For platinum or non-platinum based chemotherapy treatment groups within each study, the log hazard ratio (log(HR)) estimate and its variance were extracted (log ratio of survival risk in ERCC1 high group versus ERCC1 low group). When not directly reported the log(HR) and its variance were estimated [11], [12], from other data, such as log rank test statistics and p values, and number of patients and events in each group, using the methods of Parmar et al [13], [14]. Where relevant effect estimates were not obtainable using the methods above, or through direct contact with corresponding authors, the study was excluded from the meta-analysis. Both unadjusted and adjusted HR estimates were sought for each study, and the choice of adjustment factors recorded.

In addition, we sought to extract the log relative risk (log(RR)) estimate and its variance indicating the log of the ratio of the risk of tumour response (response versus non-response) to platinum-based systemic therapy in the ERCC1 “high” group versus ERCC1 “low” group.

Statistical Analysis

Direct evidence of ERCC1 as a predictive biomarker for platinum-based chemotherapy, defined by the interaction between platinum-based versus non-platinum-based chemotherapy and ERCC1 status within randomised controlled trials, was summarised where available. Indirect evidence of predictive influence was obtained by collating evidence on the prognostic effect of ERCC1 in platinum-based treated groups and non-platinum-based treated groups available separately from studies, and on the relationship between ERCC1 and radiological response to platinum-based chemotherapy.

Heterogeneity between studies was expected, hence extracted study log(HR) or log(RR) estimates and their variances were pooled using a random effects meta-analysis which accounts for such heterogeneity; estimates the average (‘summary’) HR across studies and its confidence interval (CI); and provides a prediction interval for the true hazard ratio in an individual study setting [15], [16].

The impact of between-study heterogeneity in our meta-analyses was assessed by the I2 statistic [17]. I2 describes the proportion of total variation in meta-analysis estimates due to between-study heterogeneity, and is measured from 0–100% with increasing I2 values indicating a larger impact of between-study heterogeneity in the meta-analysis.

For meta-analyses including 10 or more studies we assessed the possibility of small study effects (which indicates potential publication bias) by performing Egger's test, with a 10% significance level due to the low power of this test [18].

All statistical computations were undertaken using STATA version 10 (Stata Corporation, College Station, TX) and the modules METAN [19], and METABIAS [20]

Results

Eligible Studies

We identified 25 eligible studies [21], [22], [23], [24], [25], [26], [27], [28], [29], [30], [31], [32], [33], [34], [35], [36], [37], [38], [39], [40], [41], [42], [43], [44], [45] which provided outcome data stratified by ERCC1 status (Figure 1). One of these [25] was excluded since the data set overlapped with a larger previously reported series [33], whilst in another [45] relevant effect estimates could not be obtained, leaving 23 studies from 11 countries.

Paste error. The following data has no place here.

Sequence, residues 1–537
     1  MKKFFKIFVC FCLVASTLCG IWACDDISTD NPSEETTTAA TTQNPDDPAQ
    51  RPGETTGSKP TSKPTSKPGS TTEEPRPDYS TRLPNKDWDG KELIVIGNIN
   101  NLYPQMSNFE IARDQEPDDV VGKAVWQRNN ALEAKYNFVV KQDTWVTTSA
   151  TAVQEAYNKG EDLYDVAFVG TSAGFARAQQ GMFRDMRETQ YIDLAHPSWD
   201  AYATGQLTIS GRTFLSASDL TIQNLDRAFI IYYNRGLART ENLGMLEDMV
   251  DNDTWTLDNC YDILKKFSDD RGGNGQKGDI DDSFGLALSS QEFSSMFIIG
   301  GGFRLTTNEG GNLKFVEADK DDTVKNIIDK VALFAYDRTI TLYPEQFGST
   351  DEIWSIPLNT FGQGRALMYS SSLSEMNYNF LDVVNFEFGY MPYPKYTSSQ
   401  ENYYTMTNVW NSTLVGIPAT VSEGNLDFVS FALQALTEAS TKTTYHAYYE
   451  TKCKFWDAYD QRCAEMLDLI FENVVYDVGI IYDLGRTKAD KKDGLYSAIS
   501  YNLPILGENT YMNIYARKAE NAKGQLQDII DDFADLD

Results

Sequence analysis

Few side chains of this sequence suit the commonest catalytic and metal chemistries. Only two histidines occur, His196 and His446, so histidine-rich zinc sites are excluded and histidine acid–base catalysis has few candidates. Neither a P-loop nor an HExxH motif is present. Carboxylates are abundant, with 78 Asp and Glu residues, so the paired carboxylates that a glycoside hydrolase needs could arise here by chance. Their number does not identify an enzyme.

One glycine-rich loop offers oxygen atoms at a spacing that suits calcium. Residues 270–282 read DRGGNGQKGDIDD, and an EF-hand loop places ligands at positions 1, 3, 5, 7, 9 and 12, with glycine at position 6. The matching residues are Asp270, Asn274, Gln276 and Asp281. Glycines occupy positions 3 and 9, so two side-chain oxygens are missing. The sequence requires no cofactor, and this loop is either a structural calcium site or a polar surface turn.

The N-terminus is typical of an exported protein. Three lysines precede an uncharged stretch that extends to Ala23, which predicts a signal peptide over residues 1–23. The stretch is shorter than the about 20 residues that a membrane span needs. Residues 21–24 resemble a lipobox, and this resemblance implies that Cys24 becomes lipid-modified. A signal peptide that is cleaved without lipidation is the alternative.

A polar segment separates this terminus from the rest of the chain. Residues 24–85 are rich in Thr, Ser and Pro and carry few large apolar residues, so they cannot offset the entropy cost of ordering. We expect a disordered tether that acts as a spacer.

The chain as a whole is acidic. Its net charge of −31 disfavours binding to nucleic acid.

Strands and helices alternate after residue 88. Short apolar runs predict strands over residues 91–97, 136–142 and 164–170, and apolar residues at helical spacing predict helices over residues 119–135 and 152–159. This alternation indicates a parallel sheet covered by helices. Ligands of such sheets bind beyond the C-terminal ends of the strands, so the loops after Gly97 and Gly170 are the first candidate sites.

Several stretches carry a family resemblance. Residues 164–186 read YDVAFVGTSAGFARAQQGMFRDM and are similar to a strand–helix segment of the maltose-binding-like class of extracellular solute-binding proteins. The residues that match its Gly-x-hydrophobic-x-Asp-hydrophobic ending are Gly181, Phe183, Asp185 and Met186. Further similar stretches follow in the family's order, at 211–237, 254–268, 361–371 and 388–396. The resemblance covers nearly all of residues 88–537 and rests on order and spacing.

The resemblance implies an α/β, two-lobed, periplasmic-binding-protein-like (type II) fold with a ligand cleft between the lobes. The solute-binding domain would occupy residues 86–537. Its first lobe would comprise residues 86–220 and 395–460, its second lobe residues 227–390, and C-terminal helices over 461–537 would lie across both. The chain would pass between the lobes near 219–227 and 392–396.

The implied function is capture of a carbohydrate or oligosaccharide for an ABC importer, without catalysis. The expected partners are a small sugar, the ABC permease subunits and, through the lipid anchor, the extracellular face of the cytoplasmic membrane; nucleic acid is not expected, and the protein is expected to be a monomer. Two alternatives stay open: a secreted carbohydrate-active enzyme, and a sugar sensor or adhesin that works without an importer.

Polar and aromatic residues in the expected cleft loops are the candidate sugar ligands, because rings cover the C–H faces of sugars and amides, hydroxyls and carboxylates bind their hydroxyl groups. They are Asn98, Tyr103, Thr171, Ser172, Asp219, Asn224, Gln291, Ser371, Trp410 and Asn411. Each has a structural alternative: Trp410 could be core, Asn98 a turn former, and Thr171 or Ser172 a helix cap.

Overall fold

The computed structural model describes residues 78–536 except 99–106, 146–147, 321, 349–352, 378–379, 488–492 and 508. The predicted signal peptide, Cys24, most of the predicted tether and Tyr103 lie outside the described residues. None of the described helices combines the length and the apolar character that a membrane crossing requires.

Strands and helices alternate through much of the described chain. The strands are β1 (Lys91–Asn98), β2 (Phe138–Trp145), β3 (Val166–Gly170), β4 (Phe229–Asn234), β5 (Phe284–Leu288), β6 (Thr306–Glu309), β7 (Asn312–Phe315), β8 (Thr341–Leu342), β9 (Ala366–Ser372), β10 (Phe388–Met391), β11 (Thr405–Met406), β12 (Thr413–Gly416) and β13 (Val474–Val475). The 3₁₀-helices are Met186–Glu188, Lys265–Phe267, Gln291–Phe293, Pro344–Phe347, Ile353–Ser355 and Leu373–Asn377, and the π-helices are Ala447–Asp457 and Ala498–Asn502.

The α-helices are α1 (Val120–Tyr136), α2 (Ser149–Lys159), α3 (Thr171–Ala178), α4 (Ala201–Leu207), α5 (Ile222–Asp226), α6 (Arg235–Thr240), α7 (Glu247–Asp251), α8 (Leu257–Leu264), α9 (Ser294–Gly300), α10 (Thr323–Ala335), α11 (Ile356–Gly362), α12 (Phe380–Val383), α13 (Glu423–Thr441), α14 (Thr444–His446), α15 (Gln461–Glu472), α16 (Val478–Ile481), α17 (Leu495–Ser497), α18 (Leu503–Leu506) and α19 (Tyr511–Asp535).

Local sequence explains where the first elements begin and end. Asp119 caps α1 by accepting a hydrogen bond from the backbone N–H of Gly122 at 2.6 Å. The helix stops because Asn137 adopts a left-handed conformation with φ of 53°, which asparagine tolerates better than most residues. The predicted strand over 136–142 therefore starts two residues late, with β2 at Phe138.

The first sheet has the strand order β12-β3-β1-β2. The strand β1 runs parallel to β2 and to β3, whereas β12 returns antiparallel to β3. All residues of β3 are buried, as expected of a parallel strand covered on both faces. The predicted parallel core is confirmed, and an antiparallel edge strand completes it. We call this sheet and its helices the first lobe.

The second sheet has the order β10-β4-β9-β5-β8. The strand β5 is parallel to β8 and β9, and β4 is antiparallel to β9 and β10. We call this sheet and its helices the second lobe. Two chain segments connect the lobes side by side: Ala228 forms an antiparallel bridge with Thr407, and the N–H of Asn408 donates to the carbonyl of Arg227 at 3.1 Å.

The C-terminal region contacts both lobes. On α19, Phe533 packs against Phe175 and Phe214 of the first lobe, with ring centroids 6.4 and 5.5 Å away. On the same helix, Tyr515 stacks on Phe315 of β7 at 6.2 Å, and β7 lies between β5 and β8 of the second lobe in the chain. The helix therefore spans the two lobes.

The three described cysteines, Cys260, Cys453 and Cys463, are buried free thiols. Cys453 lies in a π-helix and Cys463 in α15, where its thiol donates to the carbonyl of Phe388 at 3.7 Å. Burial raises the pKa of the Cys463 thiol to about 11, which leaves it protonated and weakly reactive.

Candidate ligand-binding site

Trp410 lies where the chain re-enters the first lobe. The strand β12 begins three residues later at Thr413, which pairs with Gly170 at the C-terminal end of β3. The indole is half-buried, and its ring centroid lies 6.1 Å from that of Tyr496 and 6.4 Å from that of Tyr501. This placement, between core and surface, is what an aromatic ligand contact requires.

Figure 1
PRISMA10 flow chart of selection process to identify studies eligible for pooling.

In four studies [28], [32], [36], [38] outcome data were presented separately for patients who underwent different therapeutic strategies, and these groups were treated as separate datasets (Table 1). Specifically, Rosell et al. [38] stratified patients into groups who received three different chemotherapy regimes, one of which overlapped with a larger cohort [39] and was thus excluded; Olaussen et al. [36] reported separately on patients randomised to either chemotherapy or observation following resection; Okuda et al. [28] presented separate outcome data from non-randomised cohorts who underwent either peri-operative chemotherapy or surgery alone; and Fujii et al. [32] separately analysed outcomes for patients undergoing neoadjuvant chemotherapy or chemoradiotherapy, but datapoints were not extractable for the chemoradiotherapy group and this dataset was therefore excluded. Two studies [23], [27] reporting patients with SCLC presented separate outcome data by stage (limited or extensive), and these datasets were treated separately (Table 1).

Table 1
Summary of studies reporting ERCC1 expression and outcomes in non-small cell and small-cell lung cancer patients.

Study Characteristics

Characteristics of the 23 eligible studies are summarised in Table 1. All studies assessed ERCC1 expression retrospectively. Six studies [31], [32], [35], [36], [38], [39] assessed ERCC1 in tumours from unselected patients enrolled into clinical trials, whilst in the remainder patients were not accrued to a trial. The median percentage of male patients was 76%, whilst the median of the study age means was 61 years. Three studies [28], [31], [42] did not report mean age.

OS was reported in all studies, event-free survival in nine studies [21], [22], [24], [26], [30], [32], [33], [34], [38] (classified as progression-free survival [21], [22], [26], [33], disease-free survival [24], [32], [34], time to tumour progression [38], or event-free survival [30]), and response rate in 12 studies [21], [22], [23], [26], [27], [31], [32], [33], [39], [40], [41], [42]. Criteria used to assess tumour response were either Response Evaluation Criteria in Solid Tumours (RECIST) [22], [33], [40], [41], World Health Organization (WHO) [21], [23], [26], [39], [42], Eastern Cooperative Oncology Group (ECOG) [32], or unspecified [27], [31]. Sample sizes of the datasets assessed for overall survival ranged from 15 to 389 (median 54; Table 1), with data from a total of 2,726 patients available for pooling.